The truth in the music | Inquirer Opinion

The truth in the music

The musical “Katips” won big on FAMAS night, taking home acting, directing, and technical awards, all before capping the evening with the Best Picture trophy. “Katips” is no reactionary newcomer: It won the 2016 Aliw Award for Best Musical Performance, and its film counterpart was screened in late 2021.

“Katips” tells the story of student activists who braved the evil of martial law so that we might truly say: NEVER AGAIN. It is set to be released widely in theaters today.


But why a musical, some might ask? Why dilute the gravity of our recent history with song and dance numbers, when that dark time was filled with blood, pain, and tears? And, of course, the oft-repeated line by those who despise musicals: musicals don’t feel real; nobody bursts into spontaneous singing on the street.

I’m a big fan of musicals, and they are not to be confused with variety shows. To think of musicals as mere spectacle is to underestimate the power of music itself.


Music seems to be the centerpiece of our lives as Filipinos. Our ads flow with songs. Our parties end with karaoke. Our jeepneys throb with drum-rich remixes. Campaign jingles make for earworms that hope to persist come Election Day. The resonant bass of “Ang presidente, Leni Robredo; bise presidente, Kiko Pangilinan” created the heartbeat of the Pink Rallies.

Music, too, weaves into our language. Language is no mere accident of human articulation: It represents how we make sense of the world, how we define truth, what we believe is important, what we think is real.

Filipinos are often spoken of as having a “musical” accent, which might be due to our Latin origins. We are distinct from the Spanish with their staccato strung through with notes, the Portuguese with their meaty syllables grinding against each other like singing pebbles, or the Italians with their long vowels that trill across words before fading away.

Our language represents and duplicates what we see, hear, and sense. We have over 120 living languages in the country, each with its own cadence, each with words that speak so closely of the environment in which they were created.

Take, for instance, our words for light rain, or the English “drizzle.” The Filipino equivalent, ambon, sounds like large drops coming in on the heels of a thunderstorm. The Ilonggo talithi feels like sprightly spray scraping the pavement. The Cebuano taligsik sounds like water bouncing off grass.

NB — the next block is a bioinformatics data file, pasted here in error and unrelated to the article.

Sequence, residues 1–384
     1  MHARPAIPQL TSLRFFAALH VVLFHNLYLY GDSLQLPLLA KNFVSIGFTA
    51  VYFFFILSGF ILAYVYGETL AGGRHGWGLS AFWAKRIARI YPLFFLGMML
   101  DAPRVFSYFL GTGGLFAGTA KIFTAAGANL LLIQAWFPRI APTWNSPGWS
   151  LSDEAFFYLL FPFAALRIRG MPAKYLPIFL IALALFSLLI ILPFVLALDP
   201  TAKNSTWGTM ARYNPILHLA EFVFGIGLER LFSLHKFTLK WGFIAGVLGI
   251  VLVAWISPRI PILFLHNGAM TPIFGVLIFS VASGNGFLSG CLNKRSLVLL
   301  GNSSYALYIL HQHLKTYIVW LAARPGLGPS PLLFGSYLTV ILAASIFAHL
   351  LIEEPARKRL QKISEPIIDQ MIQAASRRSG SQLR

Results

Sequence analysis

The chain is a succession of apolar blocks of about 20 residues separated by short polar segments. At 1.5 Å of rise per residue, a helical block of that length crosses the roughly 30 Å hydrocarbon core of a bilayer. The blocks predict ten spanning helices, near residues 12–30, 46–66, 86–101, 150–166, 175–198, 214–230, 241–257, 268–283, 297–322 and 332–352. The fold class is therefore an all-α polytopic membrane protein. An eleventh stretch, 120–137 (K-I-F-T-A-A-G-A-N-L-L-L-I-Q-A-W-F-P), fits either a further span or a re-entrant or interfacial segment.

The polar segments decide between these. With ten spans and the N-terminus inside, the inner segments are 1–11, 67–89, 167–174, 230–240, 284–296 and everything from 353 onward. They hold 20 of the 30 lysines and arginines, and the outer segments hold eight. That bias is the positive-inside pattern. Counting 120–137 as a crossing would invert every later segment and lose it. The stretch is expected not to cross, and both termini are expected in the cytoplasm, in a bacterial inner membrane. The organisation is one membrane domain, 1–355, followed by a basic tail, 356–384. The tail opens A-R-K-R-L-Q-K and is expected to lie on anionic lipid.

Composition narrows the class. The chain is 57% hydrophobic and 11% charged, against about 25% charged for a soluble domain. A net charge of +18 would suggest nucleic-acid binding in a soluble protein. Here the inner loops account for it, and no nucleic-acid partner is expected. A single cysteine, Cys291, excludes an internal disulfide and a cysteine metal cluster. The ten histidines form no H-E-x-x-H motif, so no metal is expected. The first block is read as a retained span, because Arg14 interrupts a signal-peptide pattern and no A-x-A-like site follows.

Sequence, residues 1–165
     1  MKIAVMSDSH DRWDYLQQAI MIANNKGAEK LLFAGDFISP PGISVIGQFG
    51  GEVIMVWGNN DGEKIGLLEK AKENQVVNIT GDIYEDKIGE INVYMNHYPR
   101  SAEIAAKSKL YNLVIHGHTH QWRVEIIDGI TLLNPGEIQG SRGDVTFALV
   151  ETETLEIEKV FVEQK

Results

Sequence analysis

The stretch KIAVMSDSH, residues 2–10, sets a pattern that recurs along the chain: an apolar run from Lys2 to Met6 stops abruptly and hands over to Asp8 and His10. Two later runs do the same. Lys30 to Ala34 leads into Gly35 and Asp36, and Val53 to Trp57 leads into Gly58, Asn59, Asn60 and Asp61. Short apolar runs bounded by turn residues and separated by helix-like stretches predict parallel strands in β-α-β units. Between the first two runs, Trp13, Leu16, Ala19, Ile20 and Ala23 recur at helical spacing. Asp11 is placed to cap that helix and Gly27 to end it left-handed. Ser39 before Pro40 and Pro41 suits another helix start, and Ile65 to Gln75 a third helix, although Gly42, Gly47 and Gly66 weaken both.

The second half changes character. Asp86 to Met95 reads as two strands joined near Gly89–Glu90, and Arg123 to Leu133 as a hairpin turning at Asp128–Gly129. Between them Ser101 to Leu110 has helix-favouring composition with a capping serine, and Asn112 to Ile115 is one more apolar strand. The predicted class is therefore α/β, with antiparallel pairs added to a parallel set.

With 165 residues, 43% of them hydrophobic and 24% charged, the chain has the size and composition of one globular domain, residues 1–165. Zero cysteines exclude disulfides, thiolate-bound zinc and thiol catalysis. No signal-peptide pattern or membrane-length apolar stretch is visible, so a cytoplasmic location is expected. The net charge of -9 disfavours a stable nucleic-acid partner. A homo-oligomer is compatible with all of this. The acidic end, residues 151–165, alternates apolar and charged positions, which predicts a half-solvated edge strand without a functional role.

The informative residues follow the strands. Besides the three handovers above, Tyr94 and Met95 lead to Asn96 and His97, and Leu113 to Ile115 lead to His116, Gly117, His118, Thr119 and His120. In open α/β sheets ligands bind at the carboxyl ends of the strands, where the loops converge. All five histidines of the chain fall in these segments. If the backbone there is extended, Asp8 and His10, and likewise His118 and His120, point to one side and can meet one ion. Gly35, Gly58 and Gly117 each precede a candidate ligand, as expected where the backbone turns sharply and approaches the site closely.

Filipino sings the weather. The heavens open and the weight of water comes down—umuulan. A blade of energy and light slices through the skies, drawing jagged lines of air through the front of the teeth—kidlat. A dull boom of thunder follows, pushing a wall of sound to the roof of the mouth—kulog.

Our vocabulary is replete with words that paint the tableau of moments. The Filipino gunita, or memory, evokes a blushing sunset on a sleepy afternoon. It invites someone to look out across the horizon, to think of their day and how it fits into the weeks, months, and years that have been. The Ilonggo panumduman has its own sensory signature: It sounds like the low humming of birds flying home to their nests, into the deep blush of a meditative twilight.


The words that made up the songs of the Edsa revolution all play their own melody even without music. “Magkaisa” ends with an open mouth, as though we were in a protest rally, raising our fists and speaking out against tyranny and lies. “Handog ng Pilipino sa Mundo” has all the long vowel sounds that invite people to sing together, to add their harmony, to speak in one voice against the powers-that-be that attempt to drown them out.

Our language is no mere accident. Every word comes from a keen observation of our environment, and the music of our language represents the truth that the words speak.

A musical, then, might be the most apt medium to retell the history that was martial law. Not overblown shots of a torch-bearing mob, or a downright ridiculous scene of nuns playing mahjong. Only music, our language, our true collective memory.

Nobody breaks out into song? Oh, but we do, every day, whenever we open our mouths and choose words from the languages we speak.

Our words are our reality, and our reality is music. Long may our voices sing the truth—until we completely silence those who dare to lie.

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